GAZA CITY: A former inmate of Israel’s Gilboa Prison has described the recent escape of six Palestinian prisoners as “miraculous.”
Hilal Jaradat, who had been involved in a previous escape attempt from the jail, said prisoners called Gilboa the “Israeli Guantanamo” because of its high walls with barbed wire and a heavy deployment of guards, towers and surveillance cameras that monitor every movement.
Jaradat was arrested in 1985 over the killing of three Israeli soldiers and sentenced to 99 years in prison when he was 19. He spent 27 years in Israeli imprisonment and was deported to Gaza following a prisoner exchange in 2011 between Hamas and Israel.
He was in Gilboa for several years, from where five members of Islamic Jihad and one member of the Fatah Revolutionary Council escaped through a tunnel on Sept. 6.
Jaradat was part of a group that planned their escape from the prison through a tunnel in 1998. Some prisoners got away before the guards discovered the tunnel.
He said it requires great planning and a lot of patience to penetrate the fortifications and the human and technical monitoring system.
Jaradat said the inmates at Gilboa are not given freedom even inside the prison as Israel considers them the most dangerous: They are accused of being behind the killings of Israelis.
He told Arab News that the complex procedures are aimed at “breaking the prisoners’ will,” but “many prisoners do not stop thinking about extracting their freedom by every possible means.”
Jaradat said he and his cellmates, all of them with long sentences, planned their escape through a tunnel extending more than 20 meters, which they dug using spoons and pieces of iron and wood that they extracted from their beds.
“Behind a sink, there was an abandoned toilet with a door permanently closed by heavy welding. We were able to open it with the help of a Druze prisoner. Two of our colleagues took care of the process of disposing of the sand by throwing it into the sewage system. Then we closed the door, removing any traces of activity. The process was repeated daily.” Jaradat said.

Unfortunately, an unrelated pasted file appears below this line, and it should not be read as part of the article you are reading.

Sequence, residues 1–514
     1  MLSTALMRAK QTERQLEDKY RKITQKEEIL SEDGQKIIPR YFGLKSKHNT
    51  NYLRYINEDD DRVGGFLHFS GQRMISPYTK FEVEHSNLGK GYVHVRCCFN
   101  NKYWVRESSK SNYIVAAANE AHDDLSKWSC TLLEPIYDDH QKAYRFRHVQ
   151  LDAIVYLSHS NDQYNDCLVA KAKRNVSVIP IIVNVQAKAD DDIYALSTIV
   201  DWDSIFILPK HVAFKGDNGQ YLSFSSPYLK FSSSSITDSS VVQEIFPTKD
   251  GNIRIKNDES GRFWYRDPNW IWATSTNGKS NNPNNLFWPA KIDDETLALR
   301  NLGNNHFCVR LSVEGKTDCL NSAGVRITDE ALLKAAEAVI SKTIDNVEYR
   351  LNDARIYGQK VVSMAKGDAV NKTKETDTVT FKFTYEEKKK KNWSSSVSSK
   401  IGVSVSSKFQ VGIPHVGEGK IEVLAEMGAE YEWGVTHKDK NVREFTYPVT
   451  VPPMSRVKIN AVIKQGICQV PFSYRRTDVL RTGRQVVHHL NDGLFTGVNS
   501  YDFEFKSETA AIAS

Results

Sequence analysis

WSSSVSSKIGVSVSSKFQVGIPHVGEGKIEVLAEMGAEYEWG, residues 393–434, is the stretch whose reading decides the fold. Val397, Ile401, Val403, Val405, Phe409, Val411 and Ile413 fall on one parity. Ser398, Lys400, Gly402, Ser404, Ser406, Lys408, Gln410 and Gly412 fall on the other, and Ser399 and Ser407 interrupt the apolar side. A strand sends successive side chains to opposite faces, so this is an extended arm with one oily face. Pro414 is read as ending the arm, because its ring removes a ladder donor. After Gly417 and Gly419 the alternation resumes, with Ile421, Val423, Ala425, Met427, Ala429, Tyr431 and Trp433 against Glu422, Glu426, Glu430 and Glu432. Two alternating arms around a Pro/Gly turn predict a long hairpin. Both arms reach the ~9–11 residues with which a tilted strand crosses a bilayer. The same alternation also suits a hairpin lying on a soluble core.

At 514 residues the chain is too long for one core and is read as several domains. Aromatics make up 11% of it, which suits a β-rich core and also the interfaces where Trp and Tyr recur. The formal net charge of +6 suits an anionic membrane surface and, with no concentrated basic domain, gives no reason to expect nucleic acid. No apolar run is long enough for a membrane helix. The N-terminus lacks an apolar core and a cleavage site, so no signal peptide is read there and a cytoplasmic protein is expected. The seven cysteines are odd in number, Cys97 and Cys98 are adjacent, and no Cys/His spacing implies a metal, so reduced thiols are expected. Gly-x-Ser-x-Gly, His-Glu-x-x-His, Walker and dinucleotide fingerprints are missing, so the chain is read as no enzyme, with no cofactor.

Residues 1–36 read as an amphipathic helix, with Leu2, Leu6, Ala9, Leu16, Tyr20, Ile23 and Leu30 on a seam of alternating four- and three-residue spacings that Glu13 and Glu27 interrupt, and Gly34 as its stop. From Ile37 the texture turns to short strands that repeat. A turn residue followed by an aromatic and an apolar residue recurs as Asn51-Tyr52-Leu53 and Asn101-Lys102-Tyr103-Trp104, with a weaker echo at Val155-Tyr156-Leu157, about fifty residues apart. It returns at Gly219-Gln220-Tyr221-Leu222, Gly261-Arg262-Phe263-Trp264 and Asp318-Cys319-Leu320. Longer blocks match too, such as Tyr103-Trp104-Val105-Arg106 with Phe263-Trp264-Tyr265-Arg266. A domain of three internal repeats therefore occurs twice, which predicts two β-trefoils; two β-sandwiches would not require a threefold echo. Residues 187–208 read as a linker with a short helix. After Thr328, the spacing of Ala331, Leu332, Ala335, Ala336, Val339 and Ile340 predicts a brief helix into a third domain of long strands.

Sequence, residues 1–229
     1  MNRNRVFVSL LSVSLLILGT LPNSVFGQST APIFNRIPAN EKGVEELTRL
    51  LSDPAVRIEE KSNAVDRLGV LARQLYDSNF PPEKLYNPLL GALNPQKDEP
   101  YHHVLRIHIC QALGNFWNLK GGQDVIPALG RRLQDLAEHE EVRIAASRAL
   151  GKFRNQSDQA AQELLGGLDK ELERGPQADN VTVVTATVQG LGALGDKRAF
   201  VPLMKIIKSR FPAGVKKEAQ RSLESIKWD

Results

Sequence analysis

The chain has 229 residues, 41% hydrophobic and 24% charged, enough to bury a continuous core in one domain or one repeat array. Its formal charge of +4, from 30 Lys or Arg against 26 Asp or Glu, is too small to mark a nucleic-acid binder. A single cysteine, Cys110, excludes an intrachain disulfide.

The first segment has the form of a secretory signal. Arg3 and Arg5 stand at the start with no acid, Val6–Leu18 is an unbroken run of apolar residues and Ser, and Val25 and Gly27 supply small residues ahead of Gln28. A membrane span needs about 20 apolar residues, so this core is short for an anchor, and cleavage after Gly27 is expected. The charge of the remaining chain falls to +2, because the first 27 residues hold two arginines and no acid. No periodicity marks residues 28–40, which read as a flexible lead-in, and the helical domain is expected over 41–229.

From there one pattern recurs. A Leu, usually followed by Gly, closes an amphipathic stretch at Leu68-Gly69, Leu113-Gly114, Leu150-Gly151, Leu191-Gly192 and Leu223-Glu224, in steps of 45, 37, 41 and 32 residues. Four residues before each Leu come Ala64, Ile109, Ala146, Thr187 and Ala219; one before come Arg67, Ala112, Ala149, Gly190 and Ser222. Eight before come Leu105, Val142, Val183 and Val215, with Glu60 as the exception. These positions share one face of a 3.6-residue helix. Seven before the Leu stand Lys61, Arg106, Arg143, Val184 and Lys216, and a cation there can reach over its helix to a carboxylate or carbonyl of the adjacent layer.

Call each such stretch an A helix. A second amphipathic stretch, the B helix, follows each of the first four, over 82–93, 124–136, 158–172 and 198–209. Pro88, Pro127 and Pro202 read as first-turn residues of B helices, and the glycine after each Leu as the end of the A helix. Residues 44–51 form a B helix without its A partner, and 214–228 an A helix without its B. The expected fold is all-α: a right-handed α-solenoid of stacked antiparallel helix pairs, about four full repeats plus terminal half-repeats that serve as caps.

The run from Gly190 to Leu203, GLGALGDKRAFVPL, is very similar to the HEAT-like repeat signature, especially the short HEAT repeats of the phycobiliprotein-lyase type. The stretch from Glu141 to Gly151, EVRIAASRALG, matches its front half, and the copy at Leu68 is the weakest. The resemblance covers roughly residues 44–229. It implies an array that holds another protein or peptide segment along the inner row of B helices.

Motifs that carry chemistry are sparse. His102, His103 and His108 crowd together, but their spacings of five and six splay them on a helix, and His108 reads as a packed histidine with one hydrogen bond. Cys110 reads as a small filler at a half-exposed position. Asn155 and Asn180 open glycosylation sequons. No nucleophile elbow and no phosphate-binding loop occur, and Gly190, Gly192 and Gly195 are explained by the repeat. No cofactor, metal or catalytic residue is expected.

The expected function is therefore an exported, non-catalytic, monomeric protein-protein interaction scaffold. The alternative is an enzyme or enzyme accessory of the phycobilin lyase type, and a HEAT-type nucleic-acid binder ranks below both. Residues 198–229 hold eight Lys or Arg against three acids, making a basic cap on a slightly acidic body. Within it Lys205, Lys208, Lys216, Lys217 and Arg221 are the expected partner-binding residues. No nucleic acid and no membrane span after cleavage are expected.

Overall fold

Later, he and his companions dug a tunnel directly to the toilet to dispose of the sand more easily.
They faced many obstacles, which they managed to overcome using materials available in the prison. They made a mixture of toothpaste and medicines as a substitute for cement to fix back the floor tiles every night so that the operation is not exposed in the event of a search.
It took 77 days to dig a tunnel 25 meters long and 2.5 meters deep, which 22 prisoners were supposed to use to escape.
However, a simple mistake by one prisoner, who forgot to put “a piece of cardboard to cover the opening of the tunnel” after his exit, led to its exposure.
Jaradat said that the prison department’s reaction was violent. “A large number of soldiers stormed the cells and assaulted the prisoners, and they imposed isolation and deprivation of visitation.”
Jaradat added: “The prison administration was shocked when it discovered the method of digging the tunnel, and how we got rid of about 17 tons of sand. The soldiers found it about five kilometers away from the prison and quantities of it were deposited inside the sewage pipes.”
About 5,000 prisoners, including dozens of women, children and the sick, are currently in the Israeli prisons, and hundreds of them are serving prison sentences for many years.
According to institutions specializing in prisoners’ affairs, about 100 Palestinian prisoners are classified by Israel as “red list” prisoners for having attempted an escape. Israel imposes heavy penalties on these prisoners.